a kitchen tour

I tried to write this morning but it just felt like fiddling so I gave up and came downstairs. But what to do? The kids were both gone for the day and, with nothing pressing, I felt adrift. But then, needing (okay, wanting) something sweet, I mixed up a pan of brownies and soon, in an “if you give a mouse a cookie” series of events, I had a bunch of things going at once. Here, I’ll show you….

After I started the brownies, I decided I wanted cake, too (nibble-nibble, says the mouse). I’m trying a new recipe — one that calls for cake mix and instant pudding mix. Yikes, I feel so naughty typing that! But hear me out: through the grapevine, I’ve learned that expert, normally-from-scratch, and wholegrain-loving bakers use this method for their cakes. So I’m testing it to see what we think. And anyway, it’s not like I’m food-virtuous or anything; some days, my diet consists mostly of Twizzlers….

Milk jars draining. Milk jars everywhere, really. The fridge fills up with milk, I empty it out, we wash the jars — this is our pattern. And you know what? I wish we had more milk. That’s right, two to three gallons of milk is not enough. My appetite for cheese making is limited by the amount of milk we get, and already I’m mildly panicking about what we’ll do when Daisy goes dry.

Sourdough baby, happily bubbling away after its breakfast feeding. Also, a squirt bottle of vinegar and water solution. I’m constantly spraying my cheese-making equipment. Just today, I discovered I had mold growing on my Dry Jack cheese and the mat was a fuzzy mess, so: scrub-scrub, squirt-squirt. (The last few days the humidity was sky-high — or cloud-low — which made for ideal mold-growing conditions, apparently.)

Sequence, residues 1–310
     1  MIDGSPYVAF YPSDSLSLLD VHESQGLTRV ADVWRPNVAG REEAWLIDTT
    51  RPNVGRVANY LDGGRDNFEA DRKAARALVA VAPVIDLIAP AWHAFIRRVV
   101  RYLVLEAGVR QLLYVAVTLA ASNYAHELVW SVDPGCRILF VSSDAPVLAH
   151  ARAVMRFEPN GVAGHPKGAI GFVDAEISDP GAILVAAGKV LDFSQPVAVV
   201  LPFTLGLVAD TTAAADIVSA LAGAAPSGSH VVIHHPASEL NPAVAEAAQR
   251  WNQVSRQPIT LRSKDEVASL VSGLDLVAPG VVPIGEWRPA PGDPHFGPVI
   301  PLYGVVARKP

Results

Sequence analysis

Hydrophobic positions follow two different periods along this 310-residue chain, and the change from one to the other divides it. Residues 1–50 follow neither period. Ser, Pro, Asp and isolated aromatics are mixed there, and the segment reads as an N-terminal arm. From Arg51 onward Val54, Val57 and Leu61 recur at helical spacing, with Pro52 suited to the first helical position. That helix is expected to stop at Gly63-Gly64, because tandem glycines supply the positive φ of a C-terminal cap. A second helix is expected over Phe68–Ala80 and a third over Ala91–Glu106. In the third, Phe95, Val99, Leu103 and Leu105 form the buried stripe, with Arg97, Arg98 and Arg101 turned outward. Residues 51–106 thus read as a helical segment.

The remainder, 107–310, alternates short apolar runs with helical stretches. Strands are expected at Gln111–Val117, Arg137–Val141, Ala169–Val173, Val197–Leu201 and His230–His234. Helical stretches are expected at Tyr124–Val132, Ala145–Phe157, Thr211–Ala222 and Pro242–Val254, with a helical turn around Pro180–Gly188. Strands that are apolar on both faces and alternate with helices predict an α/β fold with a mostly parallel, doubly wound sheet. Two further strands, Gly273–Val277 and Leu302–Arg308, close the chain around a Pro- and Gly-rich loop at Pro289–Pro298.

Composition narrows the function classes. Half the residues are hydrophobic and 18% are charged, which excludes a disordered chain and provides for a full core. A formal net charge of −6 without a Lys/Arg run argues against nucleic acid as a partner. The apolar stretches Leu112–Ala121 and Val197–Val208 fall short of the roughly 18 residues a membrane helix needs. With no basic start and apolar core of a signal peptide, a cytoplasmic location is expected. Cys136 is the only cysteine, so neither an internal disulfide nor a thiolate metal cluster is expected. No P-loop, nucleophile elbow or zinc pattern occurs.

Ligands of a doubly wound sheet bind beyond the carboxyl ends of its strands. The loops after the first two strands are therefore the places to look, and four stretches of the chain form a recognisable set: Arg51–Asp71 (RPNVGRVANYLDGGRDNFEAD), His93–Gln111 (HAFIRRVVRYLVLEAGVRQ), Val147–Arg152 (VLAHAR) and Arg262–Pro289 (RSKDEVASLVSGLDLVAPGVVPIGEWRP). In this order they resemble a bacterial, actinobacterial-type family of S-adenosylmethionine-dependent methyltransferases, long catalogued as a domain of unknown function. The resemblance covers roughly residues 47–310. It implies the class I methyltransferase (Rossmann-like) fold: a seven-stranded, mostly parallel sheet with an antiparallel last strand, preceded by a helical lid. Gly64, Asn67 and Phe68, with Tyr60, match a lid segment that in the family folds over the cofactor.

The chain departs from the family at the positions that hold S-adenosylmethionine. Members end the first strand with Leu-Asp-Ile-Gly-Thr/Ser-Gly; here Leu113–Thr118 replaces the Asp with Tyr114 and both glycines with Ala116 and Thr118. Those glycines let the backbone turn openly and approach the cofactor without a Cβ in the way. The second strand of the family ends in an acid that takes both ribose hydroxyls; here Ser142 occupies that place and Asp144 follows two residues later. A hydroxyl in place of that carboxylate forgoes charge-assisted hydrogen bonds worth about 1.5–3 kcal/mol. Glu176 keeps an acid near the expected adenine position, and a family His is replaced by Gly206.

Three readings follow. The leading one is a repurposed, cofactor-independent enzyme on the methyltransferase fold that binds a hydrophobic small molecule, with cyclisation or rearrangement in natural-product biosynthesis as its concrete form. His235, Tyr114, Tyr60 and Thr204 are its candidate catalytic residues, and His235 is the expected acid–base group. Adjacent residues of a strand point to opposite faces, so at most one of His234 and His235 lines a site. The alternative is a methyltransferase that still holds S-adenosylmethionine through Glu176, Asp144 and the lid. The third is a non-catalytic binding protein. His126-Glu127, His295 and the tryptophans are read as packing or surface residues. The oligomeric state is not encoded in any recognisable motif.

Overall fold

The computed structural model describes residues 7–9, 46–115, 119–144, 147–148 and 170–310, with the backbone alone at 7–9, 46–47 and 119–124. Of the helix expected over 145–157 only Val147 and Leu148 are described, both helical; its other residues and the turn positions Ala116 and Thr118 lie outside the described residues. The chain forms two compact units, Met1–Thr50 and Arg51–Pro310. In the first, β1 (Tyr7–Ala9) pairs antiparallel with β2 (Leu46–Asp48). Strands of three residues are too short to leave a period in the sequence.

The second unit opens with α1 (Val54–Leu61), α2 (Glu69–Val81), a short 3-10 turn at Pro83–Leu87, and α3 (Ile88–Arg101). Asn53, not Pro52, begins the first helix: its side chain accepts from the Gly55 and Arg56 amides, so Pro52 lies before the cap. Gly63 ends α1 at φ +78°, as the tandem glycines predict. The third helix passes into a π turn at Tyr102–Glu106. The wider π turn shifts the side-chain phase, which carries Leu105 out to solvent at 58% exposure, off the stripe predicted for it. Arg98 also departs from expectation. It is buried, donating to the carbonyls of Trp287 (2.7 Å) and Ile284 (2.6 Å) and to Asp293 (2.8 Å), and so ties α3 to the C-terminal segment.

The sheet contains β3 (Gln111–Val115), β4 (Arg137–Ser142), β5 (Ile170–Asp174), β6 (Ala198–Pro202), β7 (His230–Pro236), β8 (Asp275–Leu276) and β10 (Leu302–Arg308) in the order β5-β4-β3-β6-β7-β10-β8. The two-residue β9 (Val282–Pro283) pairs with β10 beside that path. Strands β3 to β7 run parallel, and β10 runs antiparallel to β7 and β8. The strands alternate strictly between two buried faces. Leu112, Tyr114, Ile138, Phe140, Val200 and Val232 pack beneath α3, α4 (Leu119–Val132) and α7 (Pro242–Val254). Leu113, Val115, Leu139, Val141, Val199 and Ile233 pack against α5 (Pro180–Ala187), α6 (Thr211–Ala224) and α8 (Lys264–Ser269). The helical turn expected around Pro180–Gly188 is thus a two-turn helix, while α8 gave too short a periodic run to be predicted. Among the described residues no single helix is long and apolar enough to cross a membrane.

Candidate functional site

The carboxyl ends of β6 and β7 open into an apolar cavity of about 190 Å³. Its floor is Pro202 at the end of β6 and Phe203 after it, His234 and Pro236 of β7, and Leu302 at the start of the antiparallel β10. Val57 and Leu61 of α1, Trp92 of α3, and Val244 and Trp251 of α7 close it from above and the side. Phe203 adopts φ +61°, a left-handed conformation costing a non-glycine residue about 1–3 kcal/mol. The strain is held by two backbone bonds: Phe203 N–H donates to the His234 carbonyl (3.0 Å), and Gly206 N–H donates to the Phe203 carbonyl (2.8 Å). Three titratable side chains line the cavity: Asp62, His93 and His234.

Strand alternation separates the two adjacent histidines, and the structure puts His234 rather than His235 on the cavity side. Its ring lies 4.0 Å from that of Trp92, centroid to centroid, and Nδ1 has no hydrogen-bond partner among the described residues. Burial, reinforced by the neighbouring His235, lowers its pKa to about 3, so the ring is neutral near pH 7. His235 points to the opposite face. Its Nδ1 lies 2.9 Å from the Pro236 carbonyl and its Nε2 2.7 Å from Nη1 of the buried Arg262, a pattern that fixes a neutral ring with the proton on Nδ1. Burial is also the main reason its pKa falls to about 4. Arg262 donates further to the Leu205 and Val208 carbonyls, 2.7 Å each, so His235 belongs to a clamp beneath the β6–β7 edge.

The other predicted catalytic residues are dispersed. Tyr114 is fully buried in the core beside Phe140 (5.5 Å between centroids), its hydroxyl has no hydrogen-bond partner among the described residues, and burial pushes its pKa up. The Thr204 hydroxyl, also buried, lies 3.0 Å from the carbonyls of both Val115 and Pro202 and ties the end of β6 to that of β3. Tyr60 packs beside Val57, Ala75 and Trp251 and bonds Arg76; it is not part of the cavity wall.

Here’s the three gallons of milk that I’m culturing for Ibores, a Spanish cheese. It’s a low-culture, low-rennet, low-temp cheese. Once it’s pressed and air-dried, the outside gets rubbed with a paste made of smoked paprika and oil.

Also resting on the stovetop, a quart of heavy cream (from the store) that I’m culturing for sour cream. I buy a lot of heavy cream; since our milk is low-fat, I add it to my milk when making cheese.

And . . . freshly-baked sourdough bread! It smells so good. Buttery, almost.

I’m burning a pumpkin spice candle. I get most of my candles from thrift stores. Sometimes they’re real duds, but every now and then I get a winner. Not sure which one this is yet — just started it last night.

Another batch of sourdough in the works. It’s in the fold stage — every thirty minutes or so, for a couple hours, I lift and fold each of the four corners. Next, I’ll let it sit undisturbed for several hours before cutting and shaping it into the two loaf pans. 

My cooking notebook (full of my cheesemaking notes, recipes, menus, etc), and my cheesemaking book. Also, the day’s to-do list and a scattering of pens. Pens are everywhere in this house! Sometimes all I have to do to make the house feel clean is put away all the pens. Also, twisties and rubberbands. Seriously, it’s the little things that make it feel messy.